Huddersfield high school lives up lockdown learning!

News of the covid-19 pandemic, and lockdown, has dominated the news for the best part of a year now.  It comes in a variety of flavours; pandemic and the NHS, pandemic and businesses, lockdown and tiers.  Of course, we mustn’t forget pandemic, lockdown, and education.

The media in general likes to say that ‘schools are closed’, allowing readers to form images of hordes of teachers in onesies chilling on the sofa and developing a serious Netflix habit.  In reality, whilst schools are ‘closed to most pupils’, some children are still in school and others are learning remotely, and teachers are juggling teaching both of these cohorts. 

Remote learning has advantages and disadvantages, and one Huddersfield high school wanted to ensure that there were far more of the former than the latter.

North Huddersfield Trust School (NHTS), off Woodhouse Hill in Fartown, saw the changes necessitated by remote learning as an opportunity to try out something a bit different.  Over the last year they had sought feedback and input from staff, students and parents to help with the shaping of ongoing remote learning arrangements, as it became clear that it would remain a fixture in our lives for a while.

Two members of the Senior Leadership Team (SLT), Dominic Murphy, Assistant Headteacher for Curriculum and Assessment, and Nick Collins, took this feedback on board, and the idea of the Lockdown 50 was born.

“Mental health and wellbeing was an area of concern often being highlighted, so at SLT meetings we discussed how we could shape our provision to be even more supportive of our young people and their families.  We’d also discussed how we could teach life skills and engage students in the world around them”, Nick, who is Assistant Headteacher for Student Experience, explained.  Discussions also touched upon the dilemma between wanting young people to spend less time using screens whilst asking them to spend five hours a day in front of one for live lessons.

Eight subjects that would lend themselves to practical tasks were chosen; Art, Music, Drama, ICT, PE, PSHCE, RPE and Technology.  Subject leaders were challenged with thinking about the skills that they would want students to have, and created tasks that would enable students to either learn or build upon those skills.

As the name Lockdown 50 suggests there are 50 tasks in total, and some have cross-curricular links whereby skills crossover different subject areas. 

Tasks include baking using a variety of methods, a press up challenge, watching dramatic performances and evaluating them, creating art based on philosophical questions, a ‘Letter to the Head’ in response to the school’s aims, creating a musical instrument with household objects, origami and choreography.  As well as carrying out the tasks, students provide evidence and a written reflection explaining how the task went and what they learned from doing it.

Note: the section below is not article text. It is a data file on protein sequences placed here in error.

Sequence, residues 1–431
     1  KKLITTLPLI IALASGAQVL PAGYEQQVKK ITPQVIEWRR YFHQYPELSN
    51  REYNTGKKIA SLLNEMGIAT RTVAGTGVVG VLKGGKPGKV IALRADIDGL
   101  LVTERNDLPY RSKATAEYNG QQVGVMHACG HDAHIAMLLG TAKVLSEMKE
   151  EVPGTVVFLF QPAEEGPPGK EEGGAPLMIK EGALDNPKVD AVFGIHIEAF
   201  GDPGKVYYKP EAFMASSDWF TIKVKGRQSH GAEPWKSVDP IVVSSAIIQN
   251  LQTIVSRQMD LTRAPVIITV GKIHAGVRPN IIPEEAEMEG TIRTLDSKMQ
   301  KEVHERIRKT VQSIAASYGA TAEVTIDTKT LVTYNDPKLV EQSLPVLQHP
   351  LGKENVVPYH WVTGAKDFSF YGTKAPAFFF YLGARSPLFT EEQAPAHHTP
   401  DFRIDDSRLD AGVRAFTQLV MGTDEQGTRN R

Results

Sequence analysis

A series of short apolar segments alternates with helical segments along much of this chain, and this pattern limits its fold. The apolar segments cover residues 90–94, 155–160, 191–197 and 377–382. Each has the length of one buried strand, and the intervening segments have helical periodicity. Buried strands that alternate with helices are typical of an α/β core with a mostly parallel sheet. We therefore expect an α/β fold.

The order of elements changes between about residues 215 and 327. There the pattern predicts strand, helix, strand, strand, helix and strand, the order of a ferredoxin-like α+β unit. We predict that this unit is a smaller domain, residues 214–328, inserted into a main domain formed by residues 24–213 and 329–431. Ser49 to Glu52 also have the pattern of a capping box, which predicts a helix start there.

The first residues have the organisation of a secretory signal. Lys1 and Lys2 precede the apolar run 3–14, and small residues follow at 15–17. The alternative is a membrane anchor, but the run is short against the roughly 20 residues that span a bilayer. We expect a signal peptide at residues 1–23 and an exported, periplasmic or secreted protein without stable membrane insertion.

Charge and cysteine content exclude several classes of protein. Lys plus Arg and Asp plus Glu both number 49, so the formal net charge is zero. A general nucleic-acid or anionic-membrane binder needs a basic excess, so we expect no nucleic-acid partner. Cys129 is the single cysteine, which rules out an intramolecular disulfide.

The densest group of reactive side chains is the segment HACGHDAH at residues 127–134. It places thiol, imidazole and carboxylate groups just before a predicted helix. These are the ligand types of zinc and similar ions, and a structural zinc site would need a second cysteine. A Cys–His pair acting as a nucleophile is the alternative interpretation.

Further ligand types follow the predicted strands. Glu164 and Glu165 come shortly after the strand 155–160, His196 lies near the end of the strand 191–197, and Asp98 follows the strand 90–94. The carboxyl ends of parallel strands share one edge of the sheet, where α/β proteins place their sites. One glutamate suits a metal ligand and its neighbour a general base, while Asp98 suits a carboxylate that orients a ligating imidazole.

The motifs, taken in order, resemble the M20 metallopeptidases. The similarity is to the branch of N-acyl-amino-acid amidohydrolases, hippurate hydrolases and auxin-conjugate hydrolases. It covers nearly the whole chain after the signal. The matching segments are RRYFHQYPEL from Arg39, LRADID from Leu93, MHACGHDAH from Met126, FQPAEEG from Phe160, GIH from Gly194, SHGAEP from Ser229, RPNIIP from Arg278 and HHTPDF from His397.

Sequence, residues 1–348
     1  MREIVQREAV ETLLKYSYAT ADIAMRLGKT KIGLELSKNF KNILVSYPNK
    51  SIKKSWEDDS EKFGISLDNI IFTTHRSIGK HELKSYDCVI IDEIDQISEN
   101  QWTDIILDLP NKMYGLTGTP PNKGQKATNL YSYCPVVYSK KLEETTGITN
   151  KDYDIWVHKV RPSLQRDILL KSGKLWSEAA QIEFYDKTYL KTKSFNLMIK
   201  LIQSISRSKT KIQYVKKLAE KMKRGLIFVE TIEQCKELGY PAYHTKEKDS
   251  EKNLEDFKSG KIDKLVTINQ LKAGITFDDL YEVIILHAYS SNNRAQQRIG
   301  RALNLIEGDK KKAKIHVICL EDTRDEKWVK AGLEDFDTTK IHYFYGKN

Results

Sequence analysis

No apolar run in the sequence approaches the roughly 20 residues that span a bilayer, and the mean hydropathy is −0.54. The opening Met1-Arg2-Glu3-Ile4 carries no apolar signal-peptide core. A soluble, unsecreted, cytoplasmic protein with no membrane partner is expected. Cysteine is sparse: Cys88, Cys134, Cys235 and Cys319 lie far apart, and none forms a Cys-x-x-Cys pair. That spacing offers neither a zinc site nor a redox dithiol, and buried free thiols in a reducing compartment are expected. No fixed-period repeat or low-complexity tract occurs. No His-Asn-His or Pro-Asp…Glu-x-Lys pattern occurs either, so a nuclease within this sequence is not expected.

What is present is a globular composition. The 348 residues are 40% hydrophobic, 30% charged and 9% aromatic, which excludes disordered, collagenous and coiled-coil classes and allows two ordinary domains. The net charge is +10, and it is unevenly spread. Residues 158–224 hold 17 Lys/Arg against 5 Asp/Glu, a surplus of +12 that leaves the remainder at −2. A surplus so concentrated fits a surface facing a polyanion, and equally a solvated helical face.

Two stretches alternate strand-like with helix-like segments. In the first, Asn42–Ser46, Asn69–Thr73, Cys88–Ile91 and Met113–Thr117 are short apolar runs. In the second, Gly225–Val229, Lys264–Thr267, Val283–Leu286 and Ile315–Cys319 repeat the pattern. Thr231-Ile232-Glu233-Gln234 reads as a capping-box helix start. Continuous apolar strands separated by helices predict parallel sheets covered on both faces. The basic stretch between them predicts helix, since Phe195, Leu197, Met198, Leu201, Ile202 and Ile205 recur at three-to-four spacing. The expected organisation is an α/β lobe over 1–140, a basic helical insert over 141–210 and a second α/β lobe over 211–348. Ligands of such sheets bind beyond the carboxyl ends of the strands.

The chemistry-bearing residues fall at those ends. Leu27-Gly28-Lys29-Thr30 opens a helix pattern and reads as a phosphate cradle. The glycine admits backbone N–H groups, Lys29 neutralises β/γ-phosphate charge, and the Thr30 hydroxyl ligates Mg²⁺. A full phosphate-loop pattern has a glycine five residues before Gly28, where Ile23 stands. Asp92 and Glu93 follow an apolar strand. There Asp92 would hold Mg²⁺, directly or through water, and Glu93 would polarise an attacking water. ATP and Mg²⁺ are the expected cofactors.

Lockdown 50 has proven to have even more benefits than originally anticipated.  Students are given independence in terms of when and how they carry out tasks; they don’t have to do the Art task in the hour they would usually have Art, for example.  They can spend hours on one task, and a shorter time on another depending on where their interests lie.  Family participation is encouraged, and even staff have been getting involved!  As well as a weekly newsletter including examples of evidence that have been submitted, some is also shared on the school’s social media profiles, encouraging students to take pride in their work and know that it is being recognised.  

From the school’s point of view, they have gained an extra layer of contact with families and students due to the involvement of a Portfolio Mentor for each student’s Lockdown 50 evidence.  The Mentor has weekly contact with the students which provides an extra opportunity for any issues to be raised and discussed.  NHTS has always worked closely with families, and this support has increased considerably throughout the last year.   

Feedback from students and staff has been overwhelmingly positive, in particular due to the reduced screen time and encouraging people to try things that are outside of their comfort zone.  Students have voted with their virtual feet, flooding inboxes with photos, videos, poems, songs and stories; proof that taking a leap and making big changes to the timetable has more than paid off. 

Headteacher Andrew Fell is delighted with the Lockdown 50 and the warm reception it has had, and said “We want to use the opportunities that remote learning offers to engage Key Stage 3 students in a different way, whilst still providing the more traditional academic education.  Lockdown 50 allows a more creative approach to learning, that fosters independence and encourages individuality.  With the added benefit of reducing screen time for students, hopefully this will support their mental health and wellbeing.”

With the return to school date far from certain, one wondered whether 50 tasks would be sufficient.  Nick Collins reassured us, saying “it may become the Lockdown 100!”.

You can keep up with the Lockdown 50 tasks and examples of work from students on the school’s social media links:

Huddersfield Times

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